The BBC’s flagship channel, BBC One, can “sometimes feel too predictable” and “plays it too safe in parts of its peak-time schedule,” according to the acting chairman of the BBC Trust, Diane Coyle.
Delivering a lecture called ‘A 21st Century BBC’ at the London School of Economics last night, Coyle admitted that the BBC faced some big challenges and detailed specific areas for improvement before the corporation’s next charter review in two years.
However, she also used the speech to call for independence from government pressure, warning that the BBC is “less independent than it used to be and than it needs to be,” and defended the role of the BBC Trust in terms of the corporation’s wider management structure.
Referring to a year-long Trust review into the BBC’s four main TV channels, the results of which are due to be published next month, Coyle said that there are “some big challenges, one of which is how to extend the range of new and innovative ideas at the heart of the peak schedule on BBC One.”
“The channel has a particular responsibility to get the best possible programmes to the widest possible range of people. At present, though, and despite its achievements, our research shows an audience concern that BBC One plays it too safe in parts of its peak-time schedule. This covers factual and entertainment programmes, not just drama. The industry experts we’ve spoken to echo that view,” said Coyle.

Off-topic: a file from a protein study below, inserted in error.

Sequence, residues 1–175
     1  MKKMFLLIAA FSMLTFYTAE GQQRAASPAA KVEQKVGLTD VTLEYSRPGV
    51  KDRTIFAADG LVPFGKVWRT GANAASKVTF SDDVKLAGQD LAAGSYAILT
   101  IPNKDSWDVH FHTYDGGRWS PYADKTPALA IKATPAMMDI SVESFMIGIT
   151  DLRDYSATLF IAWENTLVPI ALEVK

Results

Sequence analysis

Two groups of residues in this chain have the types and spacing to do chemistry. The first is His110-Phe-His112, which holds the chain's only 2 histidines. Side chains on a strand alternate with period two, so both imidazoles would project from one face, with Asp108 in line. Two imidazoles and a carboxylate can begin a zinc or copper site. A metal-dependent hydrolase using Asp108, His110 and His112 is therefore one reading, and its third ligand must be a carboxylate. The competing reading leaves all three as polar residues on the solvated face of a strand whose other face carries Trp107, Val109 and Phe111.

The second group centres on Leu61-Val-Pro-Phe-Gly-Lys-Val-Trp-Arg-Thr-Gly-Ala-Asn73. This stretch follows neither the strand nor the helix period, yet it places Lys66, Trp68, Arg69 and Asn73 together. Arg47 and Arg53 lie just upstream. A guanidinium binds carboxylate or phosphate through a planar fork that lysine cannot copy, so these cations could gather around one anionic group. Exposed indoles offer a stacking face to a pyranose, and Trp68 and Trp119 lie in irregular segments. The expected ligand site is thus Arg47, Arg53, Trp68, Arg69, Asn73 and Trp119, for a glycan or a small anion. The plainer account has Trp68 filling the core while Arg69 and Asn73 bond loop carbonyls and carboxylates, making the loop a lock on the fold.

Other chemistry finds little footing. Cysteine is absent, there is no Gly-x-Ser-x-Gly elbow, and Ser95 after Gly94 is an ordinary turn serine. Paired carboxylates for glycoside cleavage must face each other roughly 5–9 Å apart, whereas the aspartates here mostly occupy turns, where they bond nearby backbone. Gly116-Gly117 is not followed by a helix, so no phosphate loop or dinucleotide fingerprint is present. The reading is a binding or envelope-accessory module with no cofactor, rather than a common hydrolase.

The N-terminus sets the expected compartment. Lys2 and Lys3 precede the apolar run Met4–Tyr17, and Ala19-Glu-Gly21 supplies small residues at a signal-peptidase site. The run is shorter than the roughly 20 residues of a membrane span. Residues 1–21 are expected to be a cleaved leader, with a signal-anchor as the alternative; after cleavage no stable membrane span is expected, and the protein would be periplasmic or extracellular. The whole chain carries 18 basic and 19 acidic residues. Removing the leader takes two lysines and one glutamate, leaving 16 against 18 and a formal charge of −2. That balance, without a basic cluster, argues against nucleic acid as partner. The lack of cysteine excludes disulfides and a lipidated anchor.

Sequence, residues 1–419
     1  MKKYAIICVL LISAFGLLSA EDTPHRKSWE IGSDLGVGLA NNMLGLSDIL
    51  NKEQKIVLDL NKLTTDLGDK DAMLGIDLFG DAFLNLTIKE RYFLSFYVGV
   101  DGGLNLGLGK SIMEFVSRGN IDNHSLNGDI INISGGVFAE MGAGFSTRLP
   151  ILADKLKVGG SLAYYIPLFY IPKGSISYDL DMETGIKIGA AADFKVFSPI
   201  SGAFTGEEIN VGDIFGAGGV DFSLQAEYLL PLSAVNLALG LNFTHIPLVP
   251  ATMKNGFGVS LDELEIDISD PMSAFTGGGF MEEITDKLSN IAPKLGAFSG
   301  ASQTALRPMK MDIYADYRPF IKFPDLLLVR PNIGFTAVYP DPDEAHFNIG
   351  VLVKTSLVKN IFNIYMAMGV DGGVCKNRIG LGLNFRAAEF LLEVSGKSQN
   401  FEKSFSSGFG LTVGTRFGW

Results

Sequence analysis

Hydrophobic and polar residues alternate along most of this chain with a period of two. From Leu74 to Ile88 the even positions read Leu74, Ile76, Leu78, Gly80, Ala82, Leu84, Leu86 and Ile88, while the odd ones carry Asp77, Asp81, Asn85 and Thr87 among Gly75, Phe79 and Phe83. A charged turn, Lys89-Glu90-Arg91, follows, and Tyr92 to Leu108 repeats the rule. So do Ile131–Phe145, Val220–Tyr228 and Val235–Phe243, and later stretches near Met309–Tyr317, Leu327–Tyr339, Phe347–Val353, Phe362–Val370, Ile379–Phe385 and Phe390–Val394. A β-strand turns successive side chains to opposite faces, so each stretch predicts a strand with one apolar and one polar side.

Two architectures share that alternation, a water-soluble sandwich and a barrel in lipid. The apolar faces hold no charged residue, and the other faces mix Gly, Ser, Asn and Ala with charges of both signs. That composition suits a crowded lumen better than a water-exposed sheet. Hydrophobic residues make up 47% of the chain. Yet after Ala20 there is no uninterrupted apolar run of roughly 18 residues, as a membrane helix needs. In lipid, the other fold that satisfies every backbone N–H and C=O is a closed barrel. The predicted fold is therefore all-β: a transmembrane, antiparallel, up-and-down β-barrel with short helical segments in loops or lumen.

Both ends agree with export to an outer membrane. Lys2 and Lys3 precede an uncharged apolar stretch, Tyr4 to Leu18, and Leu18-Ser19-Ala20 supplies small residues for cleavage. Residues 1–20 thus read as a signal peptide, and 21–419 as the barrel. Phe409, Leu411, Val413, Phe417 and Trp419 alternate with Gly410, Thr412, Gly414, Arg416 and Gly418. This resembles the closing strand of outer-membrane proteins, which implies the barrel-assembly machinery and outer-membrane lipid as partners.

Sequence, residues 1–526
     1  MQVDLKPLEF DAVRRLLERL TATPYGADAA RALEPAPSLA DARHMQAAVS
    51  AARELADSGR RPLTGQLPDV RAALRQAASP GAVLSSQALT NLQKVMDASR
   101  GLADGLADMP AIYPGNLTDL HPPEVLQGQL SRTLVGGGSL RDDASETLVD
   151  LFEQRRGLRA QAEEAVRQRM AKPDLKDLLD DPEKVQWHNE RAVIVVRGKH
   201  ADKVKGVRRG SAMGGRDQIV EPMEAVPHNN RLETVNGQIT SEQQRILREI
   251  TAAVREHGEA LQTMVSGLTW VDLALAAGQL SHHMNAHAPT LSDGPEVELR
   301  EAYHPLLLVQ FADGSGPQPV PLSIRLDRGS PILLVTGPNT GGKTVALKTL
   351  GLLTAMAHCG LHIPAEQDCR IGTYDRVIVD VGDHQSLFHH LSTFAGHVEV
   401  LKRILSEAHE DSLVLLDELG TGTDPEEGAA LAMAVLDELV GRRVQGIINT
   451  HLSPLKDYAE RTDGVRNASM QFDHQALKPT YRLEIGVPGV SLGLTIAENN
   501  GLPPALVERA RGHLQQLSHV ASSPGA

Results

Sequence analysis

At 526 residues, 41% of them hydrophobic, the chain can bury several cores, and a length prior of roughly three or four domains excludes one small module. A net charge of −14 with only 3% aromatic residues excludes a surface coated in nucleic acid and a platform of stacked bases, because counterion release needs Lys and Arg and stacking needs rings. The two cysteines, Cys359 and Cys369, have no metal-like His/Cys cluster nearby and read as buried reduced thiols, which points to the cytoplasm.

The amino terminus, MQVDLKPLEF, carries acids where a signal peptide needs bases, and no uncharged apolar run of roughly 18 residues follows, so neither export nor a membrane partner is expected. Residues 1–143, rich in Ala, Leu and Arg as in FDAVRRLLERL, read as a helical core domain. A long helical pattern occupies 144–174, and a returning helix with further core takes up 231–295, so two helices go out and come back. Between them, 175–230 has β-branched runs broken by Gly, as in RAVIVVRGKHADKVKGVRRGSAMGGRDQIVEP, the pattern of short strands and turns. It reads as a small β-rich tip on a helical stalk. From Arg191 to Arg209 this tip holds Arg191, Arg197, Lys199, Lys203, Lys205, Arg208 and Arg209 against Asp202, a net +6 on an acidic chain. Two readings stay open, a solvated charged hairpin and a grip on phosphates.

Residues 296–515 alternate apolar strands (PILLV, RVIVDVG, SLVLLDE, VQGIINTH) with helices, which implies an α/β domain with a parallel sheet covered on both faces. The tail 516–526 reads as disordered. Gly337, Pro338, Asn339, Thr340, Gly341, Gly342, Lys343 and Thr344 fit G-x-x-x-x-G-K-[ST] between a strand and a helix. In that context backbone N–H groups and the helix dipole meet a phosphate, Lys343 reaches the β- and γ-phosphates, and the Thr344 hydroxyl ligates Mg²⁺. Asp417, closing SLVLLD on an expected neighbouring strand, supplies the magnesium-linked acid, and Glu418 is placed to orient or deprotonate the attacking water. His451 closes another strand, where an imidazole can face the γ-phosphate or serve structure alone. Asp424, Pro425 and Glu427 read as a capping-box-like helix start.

She also said that a recent Trust review of the BBC’s network news services showed up a “significant concern that BBC News could sometimes feel ‘distant’ from people’s everyday lives,” and should have a broader agenda and tone, making use of more regional reporters.
Four key ”immediate priorities” that were set out for the BBC were: the need to improve the quality and variety of new drama on BBC One; to keep a “firm control” over headcount and continue to reduce the numbers of senior managers; to better reflect the diversity of the UK population, including increasing the number of women on air; and to make more partnerships with other cultural and creative organisations in the UK.
Referring to the BBC’s public funding, Coyle argued that the principle of ‘top slicing’ funds from the licence fee “must not be baked into the next licence fee settlement before the process even starts,” and said that public support for the licence fee had risen in the past 10 years and was higher than support for advertising or subscription-based alternatives.
“We will also want to put forward some ideas about how to incorporate on-demand viewing to the iPlayer into any future licence fee system,” she said.